How to Avoid Being a Terrible Leader

The saying “people don’t leave bad companies they leave bad bosses”, is so true. I am still amazed when I talk to colleagues and work friends, how many have either quit or looking to leave because of their boss. The work conditions are amazing, lots of perks, but their boss is a jerk and it makes going to work all that much harder. Productivity is down as they spend most of their time trying to second guess their bosses intentions, instead of getting on with the job.

Furthermore, Monster, a global online employment company, recently found out that 38% of employees rated their leader as horrible. That’s an extremely high number. Millennials now make up 50% of the workforce and they are quick to vote with their feet. If they aren’t getting what they want from their boss, which is continual learning, challenges and being able to put their opinions across they’ll be out of there. Leaders can’t afford to fall into this 38% if they want highly motivated and productive teams.

So what are the traits of a terrible leader? I came across some research carried out by US Success magazine, who surveyed members of the Young Entrepreneurs Council (and kindly shared by Elizabeth Boyd, Editor in Chief of Excellence in Retail) and they found the following traits of terrible leaders:

  • Lack of transparency – This simply adds up to a lack of trust. If employees can’t trust their leader, they’ll always be second guessing and being careful with what they say. Honesty is critical in building and maintaining relationships.
  • Not listening – The best leaders are the best listeners. Being there to hear your team’s opinions and ideas is also critical to motivation and buy in.
  • Dismissing ideas that aren’t yours – Wow, this is a big one. This attitude results in zero buy-ins from the team and completely destroys creativity, initiative, and motivation.
  • Valuing experience over potential – How many times does this happen? “You’ve got to do your time before you get promoted.” This is old-fashioned thinking and tells newer employees that are ambitious and talented to just leave.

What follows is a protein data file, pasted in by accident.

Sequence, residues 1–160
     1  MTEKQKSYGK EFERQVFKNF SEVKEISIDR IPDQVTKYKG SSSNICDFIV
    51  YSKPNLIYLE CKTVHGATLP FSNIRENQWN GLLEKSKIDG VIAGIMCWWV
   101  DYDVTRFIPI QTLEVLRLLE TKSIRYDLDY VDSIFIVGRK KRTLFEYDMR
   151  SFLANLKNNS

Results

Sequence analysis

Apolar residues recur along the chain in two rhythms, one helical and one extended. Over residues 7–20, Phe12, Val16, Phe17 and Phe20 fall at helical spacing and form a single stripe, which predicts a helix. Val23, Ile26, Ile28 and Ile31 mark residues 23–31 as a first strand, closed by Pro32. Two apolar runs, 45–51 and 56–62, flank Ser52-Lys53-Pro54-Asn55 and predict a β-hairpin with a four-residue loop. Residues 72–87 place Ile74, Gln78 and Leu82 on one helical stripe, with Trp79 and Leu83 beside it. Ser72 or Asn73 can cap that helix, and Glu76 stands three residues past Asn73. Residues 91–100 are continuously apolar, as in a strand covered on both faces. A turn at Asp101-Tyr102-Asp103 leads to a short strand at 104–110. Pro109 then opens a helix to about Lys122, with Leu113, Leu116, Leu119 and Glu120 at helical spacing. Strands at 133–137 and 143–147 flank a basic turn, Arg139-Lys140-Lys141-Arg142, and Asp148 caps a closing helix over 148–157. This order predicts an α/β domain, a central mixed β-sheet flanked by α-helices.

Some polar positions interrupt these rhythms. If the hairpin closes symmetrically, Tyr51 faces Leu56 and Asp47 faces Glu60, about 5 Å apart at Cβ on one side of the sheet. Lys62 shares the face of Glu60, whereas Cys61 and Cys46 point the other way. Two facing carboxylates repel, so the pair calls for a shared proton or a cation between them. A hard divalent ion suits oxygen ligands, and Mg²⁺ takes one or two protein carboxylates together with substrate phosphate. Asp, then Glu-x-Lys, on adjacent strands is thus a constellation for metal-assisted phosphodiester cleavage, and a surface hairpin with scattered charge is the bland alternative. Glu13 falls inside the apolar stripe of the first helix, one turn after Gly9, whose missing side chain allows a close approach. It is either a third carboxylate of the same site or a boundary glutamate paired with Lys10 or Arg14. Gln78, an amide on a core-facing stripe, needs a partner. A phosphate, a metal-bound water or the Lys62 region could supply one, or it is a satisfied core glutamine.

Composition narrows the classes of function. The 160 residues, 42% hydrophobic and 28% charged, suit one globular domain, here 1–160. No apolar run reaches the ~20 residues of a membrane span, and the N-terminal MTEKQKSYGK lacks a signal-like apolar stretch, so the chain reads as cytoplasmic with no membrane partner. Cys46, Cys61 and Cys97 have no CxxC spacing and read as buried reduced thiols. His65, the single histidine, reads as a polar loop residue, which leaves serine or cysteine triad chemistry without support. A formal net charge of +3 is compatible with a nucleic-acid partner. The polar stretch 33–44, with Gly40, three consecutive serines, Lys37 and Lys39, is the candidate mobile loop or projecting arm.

• Ego – The best leaders swallow their ego and accept they are human and make mistakes. The best leaders accept the blame when things go wrong and pass credit to the appropriate people.
  • Working 24/7 – Modelling that it is important to work long hours, sets the wrong impression and tells the team they should do the same. It’s about modeling balance and being productive.
  • Lack of empathy – Poor leaders just expect their team to work and perform like robots. While great leaders are there to support their team, get to know them and what makes each individual tick.
  • Overlooking leadership development – This is a major turnoff for millennials. They want to learn new skills and the leader needs to help with this process. This applies to all team members, who we need to challenge and grow in their roles.
  • Being overly conservative – Sticking to the way we have always done things and not taking calculated risks is a strategy for mediocrity. Leaders need to encourage innovative thinking and ideas.
  • Permitting negative gossip – Negativity spreads like a virus. Great leaders step in and cut this out from their team or deal with the individual responsible. Great leaders model positivity.
  • Poor communication of strategy – Great leaders share the big picture, the vision, and the WHY. This way team members know how they fit in and how they make a positive contribution.
  • Inconsistency – There is a level of comfort that your team will feel when you are consistent in your actions and words. Inconsistency causes confusion, with your team not knowing how you may respond on any given day.

I hope these traits are helpful and as always, it’s a great checklist to review about yourself and identify areas you need to work on.

Roger Simpson – CEO, The Retail Solution and Author of “The Ultimate Retail Sales Experience” With over 35 years’ industry experience, Roger Simpson is recognized as Australia’s #1 Authority on customer ROI in the retail industry and as a global expert on staff coaching, customer service, and selling skills.